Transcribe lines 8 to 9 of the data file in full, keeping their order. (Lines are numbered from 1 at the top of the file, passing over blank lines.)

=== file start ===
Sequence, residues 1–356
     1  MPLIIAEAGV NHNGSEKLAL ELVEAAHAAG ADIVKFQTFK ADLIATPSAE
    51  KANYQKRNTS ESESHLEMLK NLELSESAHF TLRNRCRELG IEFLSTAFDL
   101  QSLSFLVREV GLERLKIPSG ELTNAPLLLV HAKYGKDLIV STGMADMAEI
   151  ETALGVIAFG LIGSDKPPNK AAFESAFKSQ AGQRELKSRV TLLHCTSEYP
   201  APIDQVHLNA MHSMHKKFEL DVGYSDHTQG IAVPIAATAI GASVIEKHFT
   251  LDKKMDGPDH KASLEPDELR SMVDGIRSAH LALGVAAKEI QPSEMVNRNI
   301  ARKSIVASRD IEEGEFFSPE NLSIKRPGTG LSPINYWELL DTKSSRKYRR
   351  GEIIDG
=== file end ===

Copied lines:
   301  ARKSIVASRD IEEGEFFSPE NLSIKRPGTG LSPINYWELL DTKSSRKYRR
   351  GEIIDG